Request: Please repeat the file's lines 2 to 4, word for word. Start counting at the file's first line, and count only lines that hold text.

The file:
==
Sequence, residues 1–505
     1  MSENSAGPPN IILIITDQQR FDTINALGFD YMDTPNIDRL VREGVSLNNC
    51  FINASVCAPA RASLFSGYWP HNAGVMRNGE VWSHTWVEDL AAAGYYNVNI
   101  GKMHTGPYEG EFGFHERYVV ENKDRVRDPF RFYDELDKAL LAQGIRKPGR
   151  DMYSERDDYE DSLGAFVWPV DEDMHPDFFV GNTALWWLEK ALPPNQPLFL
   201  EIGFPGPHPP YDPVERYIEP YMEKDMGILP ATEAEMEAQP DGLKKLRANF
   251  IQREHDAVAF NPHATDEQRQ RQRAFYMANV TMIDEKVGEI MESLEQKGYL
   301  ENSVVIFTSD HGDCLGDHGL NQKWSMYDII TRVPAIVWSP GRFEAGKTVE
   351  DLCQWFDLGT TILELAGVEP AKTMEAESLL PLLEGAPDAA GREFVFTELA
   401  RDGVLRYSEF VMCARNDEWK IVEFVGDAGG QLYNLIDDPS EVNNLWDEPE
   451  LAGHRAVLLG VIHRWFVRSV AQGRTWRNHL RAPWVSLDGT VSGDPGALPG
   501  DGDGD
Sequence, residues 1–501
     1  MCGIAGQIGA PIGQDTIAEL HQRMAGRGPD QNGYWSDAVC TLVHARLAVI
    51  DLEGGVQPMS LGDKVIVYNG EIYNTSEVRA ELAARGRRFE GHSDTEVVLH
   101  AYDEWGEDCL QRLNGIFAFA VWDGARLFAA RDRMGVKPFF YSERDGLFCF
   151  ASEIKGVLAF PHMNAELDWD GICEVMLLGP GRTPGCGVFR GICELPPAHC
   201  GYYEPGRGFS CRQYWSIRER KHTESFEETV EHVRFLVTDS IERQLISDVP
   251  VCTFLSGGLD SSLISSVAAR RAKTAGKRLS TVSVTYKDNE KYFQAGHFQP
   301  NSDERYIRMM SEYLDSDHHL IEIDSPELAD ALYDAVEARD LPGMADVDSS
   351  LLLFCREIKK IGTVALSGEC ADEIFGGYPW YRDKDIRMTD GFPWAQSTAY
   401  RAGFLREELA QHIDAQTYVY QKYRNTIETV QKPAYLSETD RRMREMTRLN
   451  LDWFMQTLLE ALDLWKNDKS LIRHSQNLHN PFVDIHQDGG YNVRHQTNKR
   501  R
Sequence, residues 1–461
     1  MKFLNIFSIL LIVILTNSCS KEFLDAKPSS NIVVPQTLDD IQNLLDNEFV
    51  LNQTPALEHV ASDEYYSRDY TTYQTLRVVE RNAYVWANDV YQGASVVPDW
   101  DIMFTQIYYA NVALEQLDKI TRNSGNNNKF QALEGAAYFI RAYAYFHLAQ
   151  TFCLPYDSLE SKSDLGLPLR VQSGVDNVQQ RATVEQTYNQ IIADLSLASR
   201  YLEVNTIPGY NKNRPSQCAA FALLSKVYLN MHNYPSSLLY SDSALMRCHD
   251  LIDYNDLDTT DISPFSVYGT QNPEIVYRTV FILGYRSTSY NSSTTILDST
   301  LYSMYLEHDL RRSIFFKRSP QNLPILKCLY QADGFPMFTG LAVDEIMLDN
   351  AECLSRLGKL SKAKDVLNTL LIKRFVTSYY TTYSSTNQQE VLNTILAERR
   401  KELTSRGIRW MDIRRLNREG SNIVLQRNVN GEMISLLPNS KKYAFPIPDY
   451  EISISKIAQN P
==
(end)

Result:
     1  MSENSAGPPN IILIITDQQR FDTINALGFD YMDTPNIDRL VREGVSLNNC
    51  FINASVCAPA RASLFSGYWP HNAGVMRNGE VWSHTWVEDL AAAGYYNVNI
   101  GKMHTGPYEG EFGFHERYVV ENKDRVRDPF RFYDELDKAL LAQGIRKPGR